Form and function of the dandelion fruit

CT scan of a dandelion fruit. Image credit: Cummins et al 2018

The dandelion fruit consists of a fruit (the achene), attached to a hairy pappus that aids its flight. This project aims to understand how the structure of the pappus allows it fly so well. Using 3D imaging, flow visualisation and mathematical modelling, the dandelion form and function team have uncovered a new type of vortex. The vortex stably recirculates, while remaining slightly detached from the pappus body. By forming a parachute made largely of empty space, the dandelion can maximise descent time, while minimising the amount of biological tissue required to form the pappus.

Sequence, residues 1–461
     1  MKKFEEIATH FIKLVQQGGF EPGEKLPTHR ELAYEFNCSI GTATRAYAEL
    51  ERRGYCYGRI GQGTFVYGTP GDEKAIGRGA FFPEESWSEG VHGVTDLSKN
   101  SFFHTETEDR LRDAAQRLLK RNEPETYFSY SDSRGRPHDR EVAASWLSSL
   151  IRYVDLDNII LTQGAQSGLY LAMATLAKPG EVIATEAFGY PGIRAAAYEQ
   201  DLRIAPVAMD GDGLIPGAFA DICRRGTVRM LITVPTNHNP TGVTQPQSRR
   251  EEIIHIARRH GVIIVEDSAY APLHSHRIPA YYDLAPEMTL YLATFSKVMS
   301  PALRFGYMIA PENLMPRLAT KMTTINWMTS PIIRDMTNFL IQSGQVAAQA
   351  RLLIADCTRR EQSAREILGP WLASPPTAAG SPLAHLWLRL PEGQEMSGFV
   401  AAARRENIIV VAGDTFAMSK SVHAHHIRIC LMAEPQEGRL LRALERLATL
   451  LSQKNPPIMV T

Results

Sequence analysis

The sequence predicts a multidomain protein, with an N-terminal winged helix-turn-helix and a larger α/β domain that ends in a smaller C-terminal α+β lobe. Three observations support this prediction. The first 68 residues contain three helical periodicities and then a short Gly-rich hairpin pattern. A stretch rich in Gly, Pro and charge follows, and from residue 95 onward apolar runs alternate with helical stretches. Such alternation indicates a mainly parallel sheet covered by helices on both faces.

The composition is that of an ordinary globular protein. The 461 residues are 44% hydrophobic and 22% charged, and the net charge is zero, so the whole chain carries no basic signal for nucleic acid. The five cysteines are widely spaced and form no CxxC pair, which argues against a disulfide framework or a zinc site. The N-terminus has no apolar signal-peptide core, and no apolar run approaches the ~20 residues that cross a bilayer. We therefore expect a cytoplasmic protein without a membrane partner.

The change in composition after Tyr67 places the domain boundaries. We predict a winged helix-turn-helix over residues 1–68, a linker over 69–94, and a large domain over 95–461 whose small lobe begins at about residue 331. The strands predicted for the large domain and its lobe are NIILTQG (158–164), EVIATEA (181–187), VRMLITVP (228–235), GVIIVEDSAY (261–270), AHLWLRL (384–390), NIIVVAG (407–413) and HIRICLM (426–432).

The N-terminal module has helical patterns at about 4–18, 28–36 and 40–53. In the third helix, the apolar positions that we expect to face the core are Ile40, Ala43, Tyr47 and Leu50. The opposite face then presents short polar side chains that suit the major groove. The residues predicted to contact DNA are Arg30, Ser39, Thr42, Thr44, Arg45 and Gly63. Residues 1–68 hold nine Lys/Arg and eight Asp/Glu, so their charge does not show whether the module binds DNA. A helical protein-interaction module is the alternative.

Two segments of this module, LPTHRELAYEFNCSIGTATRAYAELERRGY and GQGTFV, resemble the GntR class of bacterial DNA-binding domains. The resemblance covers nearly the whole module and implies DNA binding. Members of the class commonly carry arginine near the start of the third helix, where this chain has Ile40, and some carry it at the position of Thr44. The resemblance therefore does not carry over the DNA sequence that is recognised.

Though the fruit of the dandelion flies well in dry, windy weather, the pappus changes shape by closing when it gets wet. This may be a form of informed dispersal to guide dispersal toward wetter environments. We have investigated the changes to the fluid dynamical properties when the pappus closes. Additionally, we are establishing the mechanism behind pappus closure as cell walls swell and expand when moist.

Madeleine Seale
Leverhulme Early Career Fellow